MANAMA: Bahrain’s economic growth continues to be resilient, says the International Monetary Fund (IMF) noting 3.8 per cent output growth in 2017.
In a report capturing the conclusions of its 2018 Article IV Consultation with the kingdom, the IMF’s executive board said the growth was underpinned by a resilient non-hydrocarbon sector, with robust implementation of GCC-funded projects as well as strong activity in the financial, hospitality and education sectors.
However, it flagged downside risks to the outlook stemming from the rise in fiscal and external vulnerabilities, tighter global financing conditions, delays in fiscal adjustment, and lower energy prices.
Against this background, the fund has called for additional sustained efforts to improve fiscal and external positions, preserve financial sector resilience, and support diversified, inclusive growth.
Welcoming continued fiscal reform efforts by the Bahraini government, including subsidy reforms, cutting of non-productive spending, and raising of non-oil revenues by introducing a value-added tax by 2019, the IMF, however, called for a comprehensive package of reforms to reduce fiscal deficits over the medium term, observing that public debt is expected to increase further over the medium term and reserves are projected to remain low.
Additional steps are needed to put public finances on a sustainable trajectory, striking the right balance between revenue and expenditure measures while protecting the most vulnerable.
IMF directors emphasised the need to introduce direct taxation, including a corporate income tax, while containing the public wage bill and targeting subsidies to the poorest.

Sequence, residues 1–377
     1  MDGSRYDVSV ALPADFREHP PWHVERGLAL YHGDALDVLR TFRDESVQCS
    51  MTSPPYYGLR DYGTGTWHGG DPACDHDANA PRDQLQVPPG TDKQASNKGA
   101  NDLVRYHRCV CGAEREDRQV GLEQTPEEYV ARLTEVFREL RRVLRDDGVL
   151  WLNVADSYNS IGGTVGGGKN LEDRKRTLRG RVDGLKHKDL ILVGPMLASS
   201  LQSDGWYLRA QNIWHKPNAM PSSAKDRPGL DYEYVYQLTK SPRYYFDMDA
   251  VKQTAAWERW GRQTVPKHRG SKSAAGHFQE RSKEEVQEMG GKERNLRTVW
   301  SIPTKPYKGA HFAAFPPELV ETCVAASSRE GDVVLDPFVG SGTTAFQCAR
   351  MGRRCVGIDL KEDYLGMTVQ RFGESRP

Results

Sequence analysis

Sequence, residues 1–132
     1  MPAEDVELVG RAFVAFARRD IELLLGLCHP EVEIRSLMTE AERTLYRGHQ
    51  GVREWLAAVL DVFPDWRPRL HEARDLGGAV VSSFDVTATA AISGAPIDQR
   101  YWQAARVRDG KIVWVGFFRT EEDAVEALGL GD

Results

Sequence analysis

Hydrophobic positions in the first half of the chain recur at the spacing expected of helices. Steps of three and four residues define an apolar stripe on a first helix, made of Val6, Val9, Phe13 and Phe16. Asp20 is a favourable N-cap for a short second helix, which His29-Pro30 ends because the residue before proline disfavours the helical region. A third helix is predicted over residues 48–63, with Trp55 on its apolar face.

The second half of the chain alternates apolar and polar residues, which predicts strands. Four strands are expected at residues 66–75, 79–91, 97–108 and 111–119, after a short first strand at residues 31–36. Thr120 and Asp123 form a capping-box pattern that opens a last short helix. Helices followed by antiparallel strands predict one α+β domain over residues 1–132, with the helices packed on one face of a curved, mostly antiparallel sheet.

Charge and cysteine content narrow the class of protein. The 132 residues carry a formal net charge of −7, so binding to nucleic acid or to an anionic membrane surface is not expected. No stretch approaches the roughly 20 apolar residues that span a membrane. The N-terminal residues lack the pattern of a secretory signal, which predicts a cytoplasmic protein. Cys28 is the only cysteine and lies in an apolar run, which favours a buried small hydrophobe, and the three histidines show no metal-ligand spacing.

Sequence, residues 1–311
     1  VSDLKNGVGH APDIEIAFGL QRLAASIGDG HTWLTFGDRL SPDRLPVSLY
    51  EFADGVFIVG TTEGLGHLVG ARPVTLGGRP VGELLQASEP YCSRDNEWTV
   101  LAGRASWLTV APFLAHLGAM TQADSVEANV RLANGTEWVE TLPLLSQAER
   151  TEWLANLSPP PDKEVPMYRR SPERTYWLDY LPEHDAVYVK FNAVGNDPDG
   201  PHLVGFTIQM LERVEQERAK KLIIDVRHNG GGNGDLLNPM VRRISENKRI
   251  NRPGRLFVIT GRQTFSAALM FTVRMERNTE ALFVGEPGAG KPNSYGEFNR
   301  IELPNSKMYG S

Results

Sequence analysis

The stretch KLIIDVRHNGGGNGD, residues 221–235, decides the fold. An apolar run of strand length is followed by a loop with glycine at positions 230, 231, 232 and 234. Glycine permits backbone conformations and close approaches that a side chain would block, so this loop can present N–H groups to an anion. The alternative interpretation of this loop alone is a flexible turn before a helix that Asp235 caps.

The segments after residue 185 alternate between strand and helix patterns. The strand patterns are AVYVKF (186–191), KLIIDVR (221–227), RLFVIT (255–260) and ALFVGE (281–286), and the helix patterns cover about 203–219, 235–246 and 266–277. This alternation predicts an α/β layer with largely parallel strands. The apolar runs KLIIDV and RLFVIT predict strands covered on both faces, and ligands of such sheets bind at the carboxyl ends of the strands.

They looked forward to the newly-established debt management office developing a contingent financing strategy to mitigate financing risks and costs.
Directors also encouraged authorities to strengthen their macro-fiscal framework and increase fiscal transparency and accountability, securing public support and awareness, and enhancing market confidence.
Bahrain’s banking system remains stable with large capital buffers, said IMF directors also agreeing that the exchange rate peg remains appropriate for the economy, as it delivers a clear and credible policy anchor, keeping inflation low and stable.
On the flip side, they underscored the importance of fiscal adjustment in supporting the peg and rebuilding international reserves, and ensuring external sustainability.
The IMF board has recommended gradually unwinding central bank lending to the government.
Welcoming the Central Bank of Bahrain’s continued efforts to implement the 2017 FSAP recommendations to further strengthen the regulation and supervision of the financial sector, the directors emphasised the need to develop a well-defined emergency liquidity assistance framework, deepen the interbank market, and enhance the supervision of Islamic banks and insurance companies.
The fund has also encouraged close monitoring of the build-up of household debt.
While Bahraini initiatives to promote fintech have been welcomed by the IMF, the fund underscored the importance of monitoring risks and continued efforts to strengthen the Anti-Money Laundering and Countering Financing of Terrorism framework.
IMF directors commended initiatives to streamline business regulations to promote private sector development, diversification, and job creation, and welcomed recent developments in enhancing SMEs’ access to finance, as well as recent labour market reforms to increase flexibility and promote employment in the private sector.
They called for further structural reforms to boost productivity and competitiveness through more privatisation plans and public-private partnerships, and measures to strengthen the education system and support greater female labour force participation.